International Journal of Communication
Publishes a Special Section on
Growing Economic Inequality and Mediated Communication
The International Journal of Communication announces the publication of a Special Section focused on “Growing Economic Inequality and Mediated Communication” guest-edited by Paschal Preston and Andrea Grisold.
Sharp rises in economic inequalities have been one of the most significant developments in the heartlands of the capitalist system since the 1970s. Widening income gaps, increasingly uneven distribution of wealth and falling wage ratios comprise key aspects and indicators of this transformation. But many analysts also view the rise of populist nationalism and decline in the public’s trust in established political parties, media and other institutions as closely linked to the polarized distribution of income and other material resources.
After decades of benign neglect, the issues of economic and social inequalities have re-entered the stage of mainstream political attention in the core western countries over the past couple of years. This is due, in part, to the prominent public profile and popularity of books by Thomas Piketty and Tony Atkinson who have worked on this topic for many years. Moreover, the renewed attention to economic and social inequality unfolds against a background of very slow, partial and highly uneven “recovery” from the major financial crash in the north-Atlantic region in 2007‒2008. Sluggish economic growth, declining or stagnant incomes, state policy regimes oriented toward austerity have followed in many countries and extreme turbulence in the formal political arena.
This special themed section of IJoC engages with two broad, if overlapping, sets of questions:
How do the new forms of economic inequality, power and privilege relate to relevant theories of the news media and prevailing conceptualizations of the role of the institutions of public communication? How does this knowledge base serve to help forward-looking analyses of the meaning and implications of recent trends in economic inequalities?
What role do the new forms of economic inequality, thus power and privilege, play in the typical narratives of mediated communication today? How does the “story-telling” take place? How is inequality framed and discussed?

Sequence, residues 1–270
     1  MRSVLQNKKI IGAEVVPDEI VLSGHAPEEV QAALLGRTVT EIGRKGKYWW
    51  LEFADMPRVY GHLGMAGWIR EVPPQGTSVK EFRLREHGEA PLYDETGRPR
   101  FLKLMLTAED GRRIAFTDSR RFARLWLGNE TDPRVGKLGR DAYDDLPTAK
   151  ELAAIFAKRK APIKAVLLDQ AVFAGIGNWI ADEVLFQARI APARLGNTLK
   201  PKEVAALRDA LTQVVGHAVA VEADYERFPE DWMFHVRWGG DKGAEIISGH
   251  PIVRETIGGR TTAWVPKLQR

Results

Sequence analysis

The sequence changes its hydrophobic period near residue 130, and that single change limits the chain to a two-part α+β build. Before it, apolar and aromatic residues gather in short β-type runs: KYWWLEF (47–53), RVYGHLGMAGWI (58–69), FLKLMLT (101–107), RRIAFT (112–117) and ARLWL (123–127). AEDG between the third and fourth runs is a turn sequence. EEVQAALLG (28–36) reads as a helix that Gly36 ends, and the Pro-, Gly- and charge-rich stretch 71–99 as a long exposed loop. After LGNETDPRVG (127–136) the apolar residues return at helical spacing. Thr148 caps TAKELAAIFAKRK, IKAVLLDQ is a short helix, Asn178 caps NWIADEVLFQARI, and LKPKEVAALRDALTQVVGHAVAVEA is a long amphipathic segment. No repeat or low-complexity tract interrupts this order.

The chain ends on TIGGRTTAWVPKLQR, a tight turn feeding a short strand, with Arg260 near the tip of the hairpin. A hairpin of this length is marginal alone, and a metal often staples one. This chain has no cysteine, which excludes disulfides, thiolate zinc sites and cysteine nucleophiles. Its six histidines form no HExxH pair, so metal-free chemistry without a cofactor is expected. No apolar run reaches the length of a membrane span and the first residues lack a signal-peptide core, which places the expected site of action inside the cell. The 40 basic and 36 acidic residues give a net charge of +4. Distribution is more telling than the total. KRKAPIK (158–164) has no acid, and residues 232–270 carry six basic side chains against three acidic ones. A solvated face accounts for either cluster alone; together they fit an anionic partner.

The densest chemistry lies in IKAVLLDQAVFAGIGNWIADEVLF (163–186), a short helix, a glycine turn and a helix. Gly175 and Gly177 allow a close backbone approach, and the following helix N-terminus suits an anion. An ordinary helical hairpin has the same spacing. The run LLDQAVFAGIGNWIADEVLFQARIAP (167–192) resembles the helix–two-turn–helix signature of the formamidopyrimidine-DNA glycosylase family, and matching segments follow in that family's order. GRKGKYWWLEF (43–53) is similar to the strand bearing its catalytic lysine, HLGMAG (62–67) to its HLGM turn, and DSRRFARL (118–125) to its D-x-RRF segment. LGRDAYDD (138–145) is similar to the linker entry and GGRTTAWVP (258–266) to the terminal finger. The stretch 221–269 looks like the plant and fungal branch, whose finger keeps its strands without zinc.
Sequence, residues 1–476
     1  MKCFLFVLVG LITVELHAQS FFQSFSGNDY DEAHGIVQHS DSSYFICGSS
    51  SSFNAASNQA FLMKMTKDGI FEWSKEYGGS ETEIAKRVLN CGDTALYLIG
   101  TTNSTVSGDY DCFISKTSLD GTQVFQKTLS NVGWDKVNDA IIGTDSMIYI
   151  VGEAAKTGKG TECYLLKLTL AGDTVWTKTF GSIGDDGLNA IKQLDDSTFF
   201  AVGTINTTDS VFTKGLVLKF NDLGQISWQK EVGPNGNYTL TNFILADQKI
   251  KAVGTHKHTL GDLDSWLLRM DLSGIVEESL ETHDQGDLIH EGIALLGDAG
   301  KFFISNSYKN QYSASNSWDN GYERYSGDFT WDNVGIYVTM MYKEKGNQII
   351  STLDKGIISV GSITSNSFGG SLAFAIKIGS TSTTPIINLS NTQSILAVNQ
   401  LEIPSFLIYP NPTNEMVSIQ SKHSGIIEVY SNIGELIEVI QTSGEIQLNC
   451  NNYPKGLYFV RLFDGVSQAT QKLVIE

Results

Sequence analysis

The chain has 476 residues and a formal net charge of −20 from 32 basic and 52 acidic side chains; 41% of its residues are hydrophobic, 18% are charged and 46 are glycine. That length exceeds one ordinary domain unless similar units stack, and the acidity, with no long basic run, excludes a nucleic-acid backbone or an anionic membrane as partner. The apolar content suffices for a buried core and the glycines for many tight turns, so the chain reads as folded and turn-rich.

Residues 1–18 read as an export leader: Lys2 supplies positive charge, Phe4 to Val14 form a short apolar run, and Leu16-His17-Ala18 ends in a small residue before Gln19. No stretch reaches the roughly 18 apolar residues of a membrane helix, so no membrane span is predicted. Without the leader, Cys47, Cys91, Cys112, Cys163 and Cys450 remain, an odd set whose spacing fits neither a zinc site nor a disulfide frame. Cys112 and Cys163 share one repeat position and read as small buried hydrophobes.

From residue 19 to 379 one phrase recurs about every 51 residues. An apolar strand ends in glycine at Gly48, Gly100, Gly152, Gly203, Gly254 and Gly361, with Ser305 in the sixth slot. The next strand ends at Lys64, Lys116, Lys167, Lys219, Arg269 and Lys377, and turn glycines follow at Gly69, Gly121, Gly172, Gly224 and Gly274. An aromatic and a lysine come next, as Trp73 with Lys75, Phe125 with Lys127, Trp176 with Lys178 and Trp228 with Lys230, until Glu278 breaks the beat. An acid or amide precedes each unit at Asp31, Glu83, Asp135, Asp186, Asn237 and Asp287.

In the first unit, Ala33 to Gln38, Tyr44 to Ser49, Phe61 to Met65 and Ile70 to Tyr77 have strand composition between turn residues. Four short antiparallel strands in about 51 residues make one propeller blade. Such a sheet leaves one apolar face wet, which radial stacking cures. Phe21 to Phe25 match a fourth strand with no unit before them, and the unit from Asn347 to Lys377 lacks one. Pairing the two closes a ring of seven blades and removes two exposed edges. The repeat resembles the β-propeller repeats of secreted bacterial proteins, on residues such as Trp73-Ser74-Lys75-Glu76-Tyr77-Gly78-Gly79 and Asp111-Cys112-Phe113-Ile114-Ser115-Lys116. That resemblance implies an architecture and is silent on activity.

The seven papers in this themed section are transdisciplinary in scope, bringing together several leading researchers, based in the communication studies, journalism and the political economy fields―all engaged in complementary ways in exploring the relations between media and public communication institutions on the one hand, and significant economic inequality trends and related developments on the other.
We invite you to read these articles that published on October 25, 2017 in the International Journal of Communication. Please Ctrl+Click on the article titles below for direct links to the papers of interest.
Economic Inequalities and Mediated Communication―An Introduction
Paschal Preston, Dublin City University, Andrea Grisold, Vienna University of Economics and Business
How Come We Know? The Media Coverage of Economic Inequality
Andrea Grisold, Hendrik Theine, Vienna University of Economics and Business
The Mediation of Hope: Communication Technologies and Inequality in Perspective
Robin Mansell, London School of Economics
Citizen Detriment: Communications, Inequality and Social Order
Peter Golding, Northumbria University
Contrasting Conceptions, Discourses and Studies of Economic Inequalities
Paschal Preston, Dublin City University, Henry Silke, University of Limerick
Favoring the Elites: Think Tanks and Discourse Coalitions
Núria Almiron, Universitat Pompeu Fabra, Spain
Economic Inequality in German Quality Press: Framing Concerns About Inequality and Redistribution
Julian Bank, University of Duisburg-Essen
Paschal Preston, Andrea Grisold